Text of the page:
Shiv Sena – BJP Alliance in Final Stage Of Break Up
The Shiv Sena-BJP alliance seems to be in the final stages of a break-up. While the finality of divorce is still missing, a pre-mortem of a relationship gone awry is worth attempting even now.
The reality is even marriages made in heaven wash up at divorce courts for various reasons. Divorce happens when the partners have widely divergent views on what the other brings to the table or are unable to work out a sensible mechanism for give and take. Outsiders may wonder why two good people who seemed to have everything going for them are bent on throwing it all away, but even outsiders cannot see or feel what the partners themselves feel.
To understand the Sena-BJP divorce papers and the logic behind it, we need to first see what the partners themselves see as the problem, and why they are unable to see the other’s side of the argument. Some of these issues are not articulated even by the protagonists, for it would be seen as a sign of weakness.
Let’s start with Uddhav Thackeray’s side of the story. One the face of it, he cannot be in any doubt that the BJP has emerged stronger after the Lok Sabha polls. So the old 169-119 seat sharing formula for the Maharashtra assembly polls is illogical. Moreover, the Sena has never won in some 59 seats it contested in the last three elections. So giving some of even these seats away to the BJP should not cause its own seat share any real damage. Or so the BJP thinks.
But this logic does not work for Uddhav for several reasons.
First, Uddhav sees himself in a life-or-death struggle over Bal Thackeray’s legacy with Raj Thackeray’s Maharashtra Navnirman Sena (MNS). The fact that the BJP started flirting with Raj before the Lok Sabha elections cannot have reassured him about the Sena’s place in the sun. Giving the BJP more seats would thus be akin to giving the partner more leeway to make deals with other parties after the elections. This is one reason why Uddhav does not want to give the BJP more seats. A BJP with 90-100 seats after the elections would be flexing its muscles with the Sena and can also offer the prospect of power to other partners.
Second, in theory, sharing some of the seats it never won with the BJP should improve the alliance’ chances in the elections. But for Uddhav, denial of the 59 seats to the BJP is a form of insurance that the BJP won’t emerge as the bigger party after the elections. He would rather lose these 59 seats than allow the BJP to gain from it. This factor of denial has become important in the context of the BJP’s refusal to accept Uddhav as the alliance’s Chief Ministerial candidate.
Third, Uddhav knows that if, as a regional party, the Sena does not get more seats than the BJP (or at least close to what the BJP gets), it is only a matter of time before the BJP asserts itself as a senior partner in the alliance and walks away with the whole state. If the Sena is whittled down, the field will be clear for Raj to claim Bal Thackeray’s legacy as the sole defender of the Marathi manoos. Uddhav will this thus lose twice over – to the BJP and to the MNS.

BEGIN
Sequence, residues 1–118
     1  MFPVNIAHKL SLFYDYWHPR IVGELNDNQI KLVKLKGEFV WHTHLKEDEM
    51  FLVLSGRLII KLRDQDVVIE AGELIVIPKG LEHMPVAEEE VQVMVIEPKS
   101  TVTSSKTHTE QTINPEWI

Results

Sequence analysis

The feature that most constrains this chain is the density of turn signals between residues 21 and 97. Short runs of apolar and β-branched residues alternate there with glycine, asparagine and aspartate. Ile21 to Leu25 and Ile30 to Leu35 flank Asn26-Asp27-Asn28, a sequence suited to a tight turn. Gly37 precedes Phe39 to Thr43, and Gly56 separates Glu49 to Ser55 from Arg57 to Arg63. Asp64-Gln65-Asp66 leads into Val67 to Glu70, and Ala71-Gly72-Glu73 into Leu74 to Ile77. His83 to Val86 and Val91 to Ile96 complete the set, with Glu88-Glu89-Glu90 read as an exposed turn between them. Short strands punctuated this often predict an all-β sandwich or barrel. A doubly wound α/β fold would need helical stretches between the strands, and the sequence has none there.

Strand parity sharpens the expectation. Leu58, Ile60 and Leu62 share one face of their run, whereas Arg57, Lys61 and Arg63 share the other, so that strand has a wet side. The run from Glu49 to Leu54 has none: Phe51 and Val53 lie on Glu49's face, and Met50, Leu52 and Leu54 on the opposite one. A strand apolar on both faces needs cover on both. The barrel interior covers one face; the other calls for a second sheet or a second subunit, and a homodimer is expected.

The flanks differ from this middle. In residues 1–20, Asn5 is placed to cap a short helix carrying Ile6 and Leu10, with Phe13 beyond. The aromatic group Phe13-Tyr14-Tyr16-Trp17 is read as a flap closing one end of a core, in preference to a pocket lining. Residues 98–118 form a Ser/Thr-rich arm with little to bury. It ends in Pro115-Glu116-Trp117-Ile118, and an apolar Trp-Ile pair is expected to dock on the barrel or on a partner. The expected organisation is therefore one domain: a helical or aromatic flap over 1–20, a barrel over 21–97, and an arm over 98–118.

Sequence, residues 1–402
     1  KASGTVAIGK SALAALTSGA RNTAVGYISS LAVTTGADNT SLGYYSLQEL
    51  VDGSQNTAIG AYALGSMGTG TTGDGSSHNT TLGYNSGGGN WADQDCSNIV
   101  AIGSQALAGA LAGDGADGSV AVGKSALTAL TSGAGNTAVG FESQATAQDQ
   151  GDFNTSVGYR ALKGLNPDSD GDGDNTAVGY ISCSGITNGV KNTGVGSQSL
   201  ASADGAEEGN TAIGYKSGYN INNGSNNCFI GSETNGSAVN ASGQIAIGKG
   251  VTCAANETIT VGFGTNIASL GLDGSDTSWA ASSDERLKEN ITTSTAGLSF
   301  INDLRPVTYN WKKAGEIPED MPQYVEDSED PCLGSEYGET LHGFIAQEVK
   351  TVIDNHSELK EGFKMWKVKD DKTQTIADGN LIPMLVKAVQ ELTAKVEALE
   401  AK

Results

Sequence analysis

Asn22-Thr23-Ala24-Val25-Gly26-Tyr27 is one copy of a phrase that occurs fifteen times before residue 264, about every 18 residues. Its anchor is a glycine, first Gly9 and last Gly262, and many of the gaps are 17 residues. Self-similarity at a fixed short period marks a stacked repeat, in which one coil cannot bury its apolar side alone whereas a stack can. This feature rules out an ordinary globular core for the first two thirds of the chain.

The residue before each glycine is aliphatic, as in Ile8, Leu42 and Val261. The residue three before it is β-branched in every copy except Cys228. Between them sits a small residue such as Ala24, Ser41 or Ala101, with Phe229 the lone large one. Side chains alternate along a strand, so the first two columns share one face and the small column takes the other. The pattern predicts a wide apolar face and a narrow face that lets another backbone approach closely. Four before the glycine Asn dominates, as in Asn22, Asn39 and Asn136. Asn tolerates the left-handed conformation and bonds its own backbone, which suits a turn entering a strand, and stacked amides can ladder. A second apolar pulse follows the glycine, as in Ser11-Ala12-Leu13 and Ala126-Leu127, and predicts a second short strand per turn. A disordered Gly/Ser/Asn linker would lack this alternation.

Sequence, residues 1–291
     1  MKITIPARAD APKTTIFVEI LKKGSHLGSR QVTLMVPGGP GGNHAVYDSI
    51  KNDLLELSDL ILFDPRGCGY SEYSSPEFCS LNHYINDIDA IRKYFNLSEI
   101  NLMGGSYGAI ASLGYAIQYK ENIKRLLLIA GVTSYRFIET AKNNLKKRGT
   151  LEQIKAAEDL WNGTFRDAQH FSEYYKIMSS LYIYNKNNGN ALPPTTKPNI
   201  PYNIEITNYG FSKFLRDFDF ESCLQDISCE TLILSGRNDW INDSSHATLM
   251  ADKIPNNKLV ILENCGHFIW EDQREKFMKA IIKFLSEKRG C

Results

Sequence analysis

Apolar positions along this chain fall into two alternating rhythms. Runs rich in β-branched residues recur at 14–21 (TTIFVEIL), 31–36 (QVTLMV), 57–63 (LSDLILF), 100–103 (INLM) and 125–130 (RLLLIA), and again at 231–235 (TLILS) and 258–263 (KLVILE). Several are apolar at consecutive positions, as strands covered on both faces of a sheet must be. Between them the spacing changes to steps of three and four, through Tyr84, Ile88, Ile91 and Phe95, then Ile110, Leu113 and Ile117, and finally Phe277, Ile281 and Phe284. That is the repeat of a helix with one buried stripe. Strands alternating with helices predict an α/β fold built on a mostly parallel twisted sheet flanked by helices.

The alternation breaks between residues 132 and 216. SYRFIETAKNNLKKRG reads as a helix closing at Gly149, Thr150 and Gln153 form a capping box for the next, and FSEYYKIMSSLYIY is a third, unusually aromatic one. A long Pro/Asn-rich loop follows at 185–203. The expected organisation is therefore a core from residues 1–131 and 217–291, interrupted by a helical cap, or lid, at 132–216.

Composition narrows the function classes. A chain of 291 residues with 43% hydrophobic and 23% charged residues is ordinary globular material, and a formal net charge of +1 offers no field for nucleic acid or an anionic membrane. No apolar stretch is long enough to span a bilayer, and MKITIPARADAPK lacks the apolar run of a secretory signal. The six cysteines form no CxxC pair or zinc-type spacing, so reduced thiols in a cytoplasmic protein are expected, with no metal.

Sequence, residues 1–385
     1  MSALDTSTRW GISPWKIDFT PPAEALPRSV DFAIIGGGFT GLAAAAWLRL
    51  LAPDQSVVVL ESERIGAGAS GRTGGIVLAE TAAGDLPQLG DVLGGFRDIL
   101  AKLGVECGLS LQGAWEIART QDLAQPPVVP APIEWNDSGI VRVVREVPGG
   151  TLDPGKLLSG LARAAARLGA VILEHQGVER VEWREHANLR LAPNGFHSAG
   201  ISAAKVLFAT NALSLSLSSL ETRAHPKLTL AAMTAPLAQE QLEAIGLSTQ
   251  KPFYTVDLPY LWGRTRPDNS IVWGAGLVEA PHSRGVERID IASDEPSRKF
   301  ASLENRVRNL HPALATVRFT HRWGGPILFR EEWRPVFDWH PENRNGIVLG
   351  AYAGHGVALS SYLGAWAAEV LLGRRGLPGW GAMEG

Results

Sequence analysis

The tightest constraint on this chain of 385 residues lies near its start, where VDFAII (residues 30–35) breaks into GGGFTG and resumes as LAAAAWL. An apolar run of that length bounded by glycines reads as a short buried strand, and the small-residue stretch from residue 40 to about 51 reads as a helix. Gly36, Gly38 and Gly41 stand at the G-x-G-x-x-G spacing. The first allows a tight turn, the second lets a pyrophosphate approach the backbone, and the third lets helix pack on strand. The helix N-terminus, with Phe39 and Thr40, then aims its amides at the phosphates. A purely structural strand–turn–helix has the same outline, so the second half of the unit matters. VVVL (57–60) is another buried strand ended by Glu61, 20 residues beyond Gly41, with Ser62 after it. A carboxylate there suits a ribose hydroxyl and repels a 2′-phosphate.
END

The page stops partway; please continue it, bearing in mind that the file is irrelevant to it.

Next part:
This is clearly a do-or-die battle for Uddhav, and if the choice is between losing it all and playing second fiddle, he would rather lose it all. Playing second fiddle to the BJP means he will first lose Marathi mindshare to MNS, and then become irrelevant to the Marathi manoos politics.
The problem for the Sena is structural. When Bal Thackeray made the fateful decision in the mid-1980s to play two cards – the Marathi card and the Hindutva card – there was always a danger of falling between two stools. You may end up being neither. The Marathi card is now Raj Thackeray’s USP, and after Bal Thackeray’s death, the Hindutva card sits better with the BJP. Uddhav is in no-man’s land.
To sum up, while the BJP has electoral logic and national muscle on its side, for Uddhav the current election is an existential battle for survival. He cannot afford to give in to the BJP.
Two days ago, I had explained why the alliance should stay together since they will be giving up the bird in hand (an electoral win) for two in the bush. It now seems that the two partners see things from entirely different perspectives.
In the long term, one cannot see the alliance surviving, but the only way to preserve it for this election is the old give-and-take routine: offer Uddhav the Chief Ministership and get more seats. Even this may not swing it for the BJP as long as Uddhav is insecure about this future and MNS waits to feast on the remains.
But one can at least understand where Uddhav is coming from. Put another way, Uddhav cannot save the Sena-BJP alliance; only the BJP can.